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State Plan Amendment and 1915 Waiver Processing (State)

The following measures report approval times for Medicaid State Plan Amendments (SPAs) and 1915 waiver actions. Measures include:

  • The percentage of SPAs and 1915 waiver actions approved within the first 90 day review period (without a request for additional information [RAI]). 
  • The median – or middle of all values – number of days between submission and approval.
  • The median number of days pending additional information from the state for SPA or waiver actions with an RAI.  This measure applies only when a formal RAI was issued.

The data are shown separately for 4 types of actions:

  • SPAs
  • 1915(b) waiver actions (new waivers, renewals and amendments)
  • 1915(c) waiver amendments
  • 1915(c) waiver renewals

CMS reviews Medicaid SPAs and 1915 waiver requests to make sure they comply with the Social Security Act and other related regulations. CMS is committed to working with states to process SPAs and 1915 waivers as efficiently as possible, in accordance with the statute and regulations. The less time CMS and states spend submitting, reviewing and approving SPAs and 1915 waivers, the sooner states can implement their needed program changes and begin claiming federal funds.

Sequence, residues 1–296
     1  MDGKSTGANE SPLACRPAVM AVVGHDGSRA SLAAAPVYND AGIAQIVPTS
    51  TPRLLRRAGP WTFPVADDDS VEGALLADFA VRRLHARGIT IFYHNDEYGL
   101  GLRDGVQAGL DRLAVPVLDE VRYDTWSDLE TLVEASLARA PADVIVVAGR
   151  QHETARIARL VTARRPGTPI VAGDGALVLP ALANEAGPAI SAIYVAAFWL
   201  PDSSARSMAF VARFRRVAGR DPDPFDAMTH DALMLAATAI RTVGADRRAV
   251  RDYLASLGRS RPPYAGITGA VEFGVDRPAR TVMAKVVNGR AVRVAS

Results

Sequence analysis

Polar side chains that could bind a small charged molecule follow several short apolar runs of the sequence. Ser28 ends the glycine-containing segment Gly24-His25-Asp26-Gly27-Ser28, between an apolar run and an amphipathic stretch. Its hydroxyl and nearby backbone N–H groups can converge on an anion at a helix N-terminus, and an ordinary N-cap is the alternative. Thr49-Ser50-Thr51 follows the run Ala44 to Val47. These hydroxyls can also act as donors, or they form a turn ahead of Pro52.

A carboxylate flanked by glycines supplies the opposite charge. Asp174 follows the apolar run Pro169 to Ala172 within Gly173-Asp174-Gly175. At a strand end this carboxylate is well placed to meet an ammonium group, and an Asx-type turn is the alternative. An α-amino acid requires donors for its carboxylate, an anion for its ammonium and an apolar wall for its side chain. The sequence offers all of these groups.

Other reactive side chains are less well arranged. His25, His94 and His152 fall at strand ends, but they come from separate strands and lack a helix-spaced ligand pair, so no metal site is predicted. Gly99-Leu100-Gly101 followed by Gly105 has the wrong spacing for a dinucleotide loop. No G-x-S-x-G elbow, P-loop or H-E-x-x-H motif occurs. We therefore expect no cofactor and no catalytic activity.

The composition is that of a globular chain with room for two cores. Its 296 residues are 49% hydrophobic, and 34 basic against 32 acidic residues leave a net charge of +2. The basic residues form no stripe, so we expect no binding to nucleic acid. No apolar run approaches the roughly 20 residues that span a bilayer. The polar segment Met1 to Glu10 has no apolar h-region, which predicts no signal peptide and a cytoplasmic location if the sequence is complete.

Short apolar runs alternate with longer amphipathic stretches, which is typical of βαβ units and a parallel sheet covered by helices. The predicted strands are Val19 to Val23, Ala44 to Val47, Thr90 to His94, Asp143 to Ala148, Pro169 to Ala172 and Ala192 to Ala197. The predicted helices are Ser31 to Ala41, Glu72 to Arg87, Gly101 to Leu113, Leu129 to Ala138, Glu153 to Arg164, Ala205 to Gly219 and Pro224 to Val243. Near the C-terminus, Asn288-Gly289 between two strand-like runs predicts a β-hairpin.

CMS must approve, disapprove, or issue a formal RAI on SPAs and 1915 waivers within 90 calendar days. Once a state responds to an RAI, CMS must approve or disapprove the action within a second 90 day review period. When CMS issues an RAI, the time to approval includes two parts: (1) the time it takes CMS to conduct the review and (2) the time it takes states to respond to the formal RAI.

Data include all actions approved in calendar years 2016, 2017, and 2018 and the first two quarters of calendar year 2019. For each time period, the total number of approvals is shown in parenthesis. The total number of approvals is the denominator for each measure. 

During 2017, CMS started an effort to resolve SPA and waiver actions that had been on RAI awaiting a state response for extended periods of time.  As CMS and states worked together to move those actions to approval, the median processing times increased for some quarters.